I keep running into questions titles which may be potentially interesting, but then the problem is actually about a syntax, or some other basic error.

For example, I assumed scalar-product-of-vectors-two-in-nasm-and-c, might have an interesting assembly code challenge. However, it turned out the real 'question' was "I have some syntax errors but I don't know why."

If it was a pure 'gimme-teh-codez' question, I'd have no hesitation voting to close it. But sometimes the problem is actually instructive. In this case, the assembler's preprocessor behavior can cause non-obvious syntax errors. However,

  • The question has absolutely nothing to do with vector products, so it's useless to people who find it in a title search.
  • People who are trying to solve similar syntax errors won't ever find this solution.

In these cases, does it make sense to change the questions title to something like "Syntax Error in NASM", or "Why does NASM say 'comma or end of line expected'" or some such? Or are these titles even less useful?

  • 28
    I do this all the time. I highly recommend it. It helps people find questions that are relevant to their own problems. What's the point of searching for a problem about vectors and assembly, when the solution it contains is really for a different problem entirely?
    – user456814
    May 9, 2014 at 18:39
  • 1
    I'm just afraid that 'Syntax Error' is equally useless as a title. How would you title this one?
    – AShelly
    May 9, 2014 at 18:40
  • @AShelly: usually close as typo and it'll get deleted eventually.
    – Mat
    May 9, 2014 at 18:41
  • 3
    @Mat, I don't want to delete it. I want to salvage the useful part, which is "what is the non-obvious cause of this syntax error".
    – AShelly
    May 9, 2014 at 18:43
  • I'm not familiar enough with assembly and C to advise. However, here's my own example. This question was once titled "git push tag -> master", which attracted a bunch of "answers" about how to push tags with git, even though that's egregiously unrelated to the actual problem in the question. I re-titled it to what the actual problem was, "Overwrite a branch with a tag by force-pushing it?".
    – user456814
    May 9, 2014 at 18:44
  • 1
    @AShelly: then describe the error in the title in as few words as possible, including a short code expression if that fits.
    – Mat
    May 9, 2014 at 18:46
  • OK, done. (5 more chars)
    – AShelly
    May 9, 2014 at 18:51
  • 13
    Just an observational note, I find that most people are frequently terrible at giving their questions good, descriptive titles, even if the rest of their question is relatively well-put :P
    – user456814
    May 9, 2014 at 19:06
  • I had to edit the title here to make it a touch clearer
    – Fattie
    May 10, 2014 at 14:25
  • What's with the non-questions lately? Of course you should edit titles that have nothing to do with the question as written. I mean, what did you expect?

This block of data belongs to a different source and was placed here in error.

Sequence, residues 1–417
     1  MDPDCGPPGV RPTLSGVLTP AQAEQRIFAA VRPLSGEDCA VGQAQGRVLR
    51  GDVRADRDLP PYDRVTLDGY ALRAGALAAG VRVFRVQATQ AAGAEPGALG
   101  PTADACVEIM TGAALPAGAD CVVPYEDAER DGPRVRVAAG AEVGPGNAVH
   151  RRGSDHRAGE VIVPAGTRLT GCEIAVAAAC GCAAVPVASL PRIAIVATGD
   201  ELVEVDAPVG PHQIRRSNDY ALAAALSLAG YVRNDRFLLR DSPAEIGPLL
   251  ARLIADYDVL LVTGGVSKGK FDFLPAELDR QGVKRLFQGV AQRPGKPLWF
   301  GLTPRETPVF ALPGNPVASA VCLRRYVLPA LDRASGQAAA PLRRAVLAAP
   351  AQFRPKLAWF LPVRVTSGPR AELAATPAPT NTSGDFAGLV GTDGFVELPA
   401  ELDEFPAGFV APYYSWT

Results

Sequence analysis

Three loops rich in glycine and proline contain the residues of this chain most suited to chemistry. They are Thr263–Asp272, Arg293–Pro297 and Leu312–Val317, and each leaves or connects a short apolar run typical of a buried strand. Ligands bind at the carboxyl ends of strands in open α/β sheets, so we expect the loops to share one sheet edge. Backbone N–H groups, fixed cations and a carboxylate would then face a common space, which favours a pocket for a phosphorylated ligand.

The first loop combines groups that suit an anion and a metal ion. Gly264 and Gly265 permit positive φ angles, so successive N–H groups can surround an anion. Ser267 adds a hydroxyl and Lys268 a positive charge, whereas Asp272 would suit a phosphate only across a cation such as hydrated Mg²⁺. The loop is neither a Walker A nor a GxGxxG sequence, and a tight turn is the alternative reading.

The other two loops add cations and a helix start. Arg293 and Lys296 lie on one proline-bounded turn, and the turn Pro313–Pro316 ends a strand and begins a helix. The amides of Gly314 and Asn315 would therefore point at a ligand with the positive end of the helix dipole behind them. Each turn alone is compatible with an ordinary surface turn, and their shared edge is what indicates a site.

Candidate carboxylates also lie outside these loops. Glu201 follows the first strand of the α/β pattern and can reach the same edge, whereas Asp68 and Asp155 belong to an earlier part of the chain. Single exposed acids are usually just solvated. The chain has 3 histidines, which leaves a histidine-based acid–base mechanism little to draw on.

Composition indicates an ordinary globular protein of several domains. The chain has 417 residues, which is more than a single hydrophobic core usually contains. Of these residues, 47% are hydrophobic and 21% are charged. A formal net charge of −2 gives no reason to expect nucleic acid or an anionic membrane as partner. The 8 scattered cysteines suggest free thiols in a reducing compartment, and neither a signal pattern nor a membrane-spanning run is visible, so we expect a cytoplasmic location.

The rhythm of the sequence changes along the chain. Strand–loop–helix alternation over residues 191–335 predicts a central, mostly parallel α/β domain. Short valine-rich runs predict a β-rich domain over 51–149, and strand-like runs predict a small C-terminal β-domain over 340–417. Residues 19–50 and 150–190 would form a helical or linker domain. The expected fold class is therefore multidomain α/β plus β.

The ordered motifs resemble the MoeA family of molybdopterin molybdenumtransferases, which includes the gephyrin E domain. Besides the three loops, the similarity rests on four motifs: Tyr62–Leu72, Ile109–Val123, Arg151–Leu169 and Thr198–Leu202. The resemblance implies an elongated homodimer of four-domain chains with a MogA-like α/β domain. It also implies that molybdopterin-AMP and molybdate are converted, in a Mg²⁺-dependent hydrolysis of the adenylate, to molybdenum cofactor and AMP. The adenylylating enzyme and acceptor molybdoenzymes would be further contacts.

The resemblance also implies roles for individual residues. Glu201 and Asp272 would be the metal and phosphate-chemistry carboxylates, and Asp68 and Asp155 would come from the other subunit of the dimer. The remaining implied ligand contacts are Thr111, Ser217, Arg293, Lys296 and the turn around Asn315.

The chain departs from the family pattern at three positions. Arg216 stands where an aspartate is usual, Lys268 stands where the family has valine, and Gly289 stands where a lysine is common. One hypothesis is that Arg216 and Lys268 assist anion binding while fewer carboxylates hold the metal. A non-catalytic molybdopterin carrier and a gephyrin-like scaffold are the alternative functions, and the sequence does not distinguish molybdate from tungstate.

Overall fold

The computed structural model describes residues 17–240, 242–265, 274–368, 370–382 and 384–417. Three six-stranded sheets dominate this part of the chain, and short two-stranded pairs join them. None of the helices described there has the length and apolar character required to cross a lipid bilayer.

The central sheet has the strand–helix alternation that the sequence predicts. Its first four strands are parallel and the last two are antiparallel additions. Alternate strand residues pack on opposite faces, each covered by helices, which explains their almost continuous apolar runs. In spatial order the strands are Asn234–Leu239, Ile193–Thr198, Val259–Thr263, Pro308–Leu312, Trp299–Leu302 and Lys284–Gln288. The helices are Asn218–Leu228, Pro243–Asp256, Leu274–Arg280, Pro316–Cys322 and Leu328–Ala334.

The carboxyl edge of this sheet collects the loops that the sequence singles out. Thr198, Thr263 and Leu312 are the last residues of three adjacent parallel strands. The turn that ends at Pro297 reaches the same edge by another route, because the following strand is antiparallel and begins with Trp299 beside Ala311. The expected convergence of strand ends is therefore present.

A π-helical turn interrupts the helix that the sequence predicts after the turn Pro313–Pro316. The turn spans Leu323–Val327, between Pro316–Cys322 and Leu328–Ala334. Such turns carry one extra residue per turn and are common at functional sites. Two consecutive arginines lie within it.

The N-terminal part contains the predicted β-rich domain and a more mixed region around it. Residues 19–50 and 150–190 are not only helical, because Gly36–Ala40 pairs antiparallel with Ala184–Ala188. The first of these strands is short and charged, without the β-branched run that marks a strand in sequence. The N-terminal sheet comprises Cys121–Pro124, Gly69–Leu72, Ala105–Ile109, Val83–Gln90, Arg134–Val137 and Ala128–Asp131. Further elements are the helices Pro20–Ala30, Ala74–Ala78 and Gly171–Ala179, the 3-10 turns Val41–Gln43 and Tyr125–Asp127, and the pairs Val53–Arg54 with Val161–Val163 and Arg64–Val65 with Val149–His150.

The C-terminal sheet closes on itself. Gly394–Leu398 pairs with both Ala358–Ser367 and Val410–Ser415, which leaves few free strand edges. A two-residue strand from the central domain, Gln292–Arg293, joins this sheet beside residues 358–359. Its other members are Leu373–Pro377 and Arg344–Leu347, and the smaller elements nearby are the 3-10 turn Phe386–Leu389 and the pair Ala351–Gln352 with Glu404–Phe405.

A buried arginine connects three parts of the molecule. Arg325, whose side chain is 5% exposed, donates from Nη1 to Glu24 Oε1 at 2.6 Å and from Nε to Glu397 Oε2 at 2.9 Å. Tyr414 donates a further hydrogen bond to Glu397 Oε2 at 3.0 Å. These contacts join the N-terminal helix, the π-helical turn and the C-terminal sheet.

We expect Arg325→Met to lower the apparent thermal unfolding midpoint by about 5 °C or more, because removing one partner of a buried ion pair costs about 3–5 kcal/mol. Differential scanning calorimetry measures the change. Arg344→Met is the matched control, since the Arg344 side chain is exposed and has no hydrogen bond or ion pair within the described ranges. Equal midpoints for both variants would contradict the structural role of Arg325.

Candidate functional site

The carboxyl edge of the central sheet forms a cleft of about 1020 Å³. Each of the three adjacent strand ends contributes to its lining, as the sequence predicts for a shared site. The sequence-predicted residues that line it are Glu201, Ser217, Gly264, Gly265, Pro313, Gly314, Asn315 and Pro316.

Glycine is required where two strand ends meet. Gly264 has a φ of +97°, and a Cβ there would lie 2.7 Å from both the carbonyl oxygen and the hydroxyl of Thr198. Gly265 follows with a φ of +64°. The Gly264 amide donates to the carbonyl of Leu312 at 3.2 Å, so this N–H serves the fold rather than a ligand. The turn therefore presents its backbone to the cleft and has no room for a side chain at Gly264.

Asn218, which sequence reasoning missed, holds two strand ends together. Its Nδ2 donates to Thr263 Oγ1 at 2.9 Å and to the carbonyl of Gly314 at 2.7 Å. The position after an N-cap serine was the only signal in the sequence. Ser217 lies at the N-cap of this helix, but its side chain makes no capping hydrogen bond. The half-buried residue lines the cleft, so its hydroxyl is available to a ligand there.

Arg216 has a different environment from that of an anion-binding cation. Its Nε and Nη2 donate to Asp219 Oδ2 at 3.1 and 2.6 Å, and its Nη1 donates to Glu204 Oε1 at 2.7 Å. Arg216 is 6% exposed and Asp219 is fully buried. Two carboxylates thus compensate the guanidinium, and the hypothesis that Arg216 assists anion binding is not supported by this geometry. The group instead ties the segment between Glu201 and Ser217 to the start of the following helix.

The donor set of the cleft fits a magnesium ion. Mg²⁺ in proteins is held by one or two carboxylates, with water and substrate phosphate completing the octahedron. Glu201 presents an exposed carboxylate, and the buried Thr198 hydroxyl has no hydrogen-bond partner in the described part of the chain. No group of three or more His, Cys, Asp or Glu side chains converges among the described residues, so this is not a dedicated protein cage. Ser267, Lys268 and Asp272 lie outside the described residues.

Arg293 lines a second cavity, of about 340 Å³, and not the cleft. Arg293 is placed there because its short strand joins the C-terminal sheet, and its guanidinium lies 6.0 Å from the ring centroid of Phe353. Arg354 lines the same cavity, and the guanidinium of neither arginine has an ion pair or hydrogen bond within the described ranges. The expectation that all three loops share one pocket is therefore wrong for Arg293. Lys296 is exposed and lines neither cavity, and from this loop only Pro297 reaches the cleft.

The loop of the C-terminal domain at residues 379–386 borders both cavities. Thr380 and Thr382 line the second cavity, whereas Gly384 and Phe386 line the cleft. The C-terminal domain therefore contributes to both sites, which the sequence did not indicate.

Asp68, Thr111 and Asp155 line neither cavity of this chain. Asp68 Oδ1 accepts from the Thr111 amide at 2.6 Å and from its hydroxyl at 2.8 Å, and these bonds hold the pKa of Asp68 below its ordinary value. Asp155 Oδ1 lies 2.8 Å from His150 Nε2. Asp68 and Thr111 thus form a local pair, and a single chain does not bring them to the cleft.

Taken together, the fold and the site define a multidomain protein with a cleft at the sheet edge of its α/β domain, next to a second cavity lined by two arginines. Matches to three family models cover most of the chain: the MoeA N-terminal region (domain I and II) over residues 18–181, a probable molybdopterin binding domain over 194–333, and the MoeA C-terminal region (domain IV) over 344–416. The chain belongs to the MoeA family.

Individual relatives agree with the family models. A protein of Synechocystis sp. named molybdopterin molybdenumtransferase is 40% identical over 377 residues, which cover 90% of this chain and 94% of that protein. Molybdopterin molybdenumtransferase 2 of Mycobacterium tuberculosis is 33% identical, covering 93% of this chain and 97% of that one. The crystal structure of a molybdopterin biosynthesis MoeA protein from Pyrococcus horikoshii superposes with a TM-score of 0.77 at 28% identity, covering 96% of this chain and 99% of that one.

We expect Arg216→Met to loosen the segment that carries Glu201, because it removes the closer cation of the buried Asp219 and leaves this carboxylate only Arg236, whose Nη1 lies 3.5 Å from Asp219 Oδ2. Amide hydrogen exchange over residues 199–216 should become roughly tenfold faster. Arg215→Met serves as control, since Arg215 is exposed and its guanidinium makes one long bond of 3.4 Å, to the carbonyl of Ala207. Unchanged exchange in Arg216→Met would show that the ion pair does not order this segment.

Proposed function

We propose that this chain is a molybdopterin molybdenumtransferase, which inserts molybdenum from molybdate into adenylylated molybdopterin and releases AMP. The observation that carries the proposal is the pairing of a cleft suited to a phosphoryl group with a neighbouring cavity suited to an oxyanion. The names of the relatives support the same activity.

– Niklas B.
    May 10, 2014 at 15:08
  • See also meta.stackexchange.com/questions/146975/…
    – Raedwald
    May 13, 2014 at 23:45
  • 1
    @Cupcake: That's mostly because naming things is one of the two hard problems in computer science, along with fast reliable cache invalidation and prevention of off-by-one errors. Nov 25, 2015 at 7:48

2 Answers 2



The question's title (and the body, too) should describe the actual problem, regardless of how the original poster viewed, framed, or described it. If the problem appeared to be one thing at first, but the answers reveal it to be something else, edit the question to reflect that.

Keep in mind that the page is going to be around for a long time, and it's going to come up in Google searches for years after the original posting time. Few things are as frustrating as searching for a problem, seeing a page title that matches precisely, and then finding that the actual error is completely unrelated to your own.

See also Changing the title of a post on Meta.SE. Also see also How to save the world... One question title at a time

  • It depends, having the text of an error message that can be goggled for in a title can be very useful, even when the error message is not describing the “root” problem. May 10, 2014 at 9:58
  • 2
    Yes, the error message itself, or some portion thereof, often makes a good title; I'm saying that if the error message is unrelated to the actual problem and its solution, it shouldn't be in the title. The example at the end of this Meta question is without question a good edit.
    – jscs
    May 10, 2014 at 18:28
  • 1
    +1, but appeared to be one thing at first, but the answers reveal it I'd rather take extra care with this one. Keeping the title approachable even if one doesn't already know the solution.
    – n611x007
    Aug 22, 2014 at 9:34
  • I think titles of duplicate questions can be alternative approaches to some 'more canonical' problem, in which case the duplicates' titles may be best as left alone.
    – n611x007
    Aug 22, 2014 at 9:48
  • I agree about duplicate titles, @naxa. With that sentence, I'm talking about a situation more like this: stackoverflow.com/posts/25394040/revisions, where the title refers to a task, but the body is asking about an error. There are no answers there, I know. I can't find an example right now, but it occasionally happens that the answer is the thing that reveals the asker's true problem that way.
    – jscs
    Aug 22, 2014 at 18:29

Absolutely, you should edit titles to make them easier to understand by people who are searching for the questions.

If the question is indeed a closeworthy question, it's still relevant to edit the title, if only to draw reviewers who are more familiar with the topic of the question. These will tend to be better reviewers. Then you can vote to close.

You must log in to answer this question.

Not the answer you're looking for? Browse other questions tagged .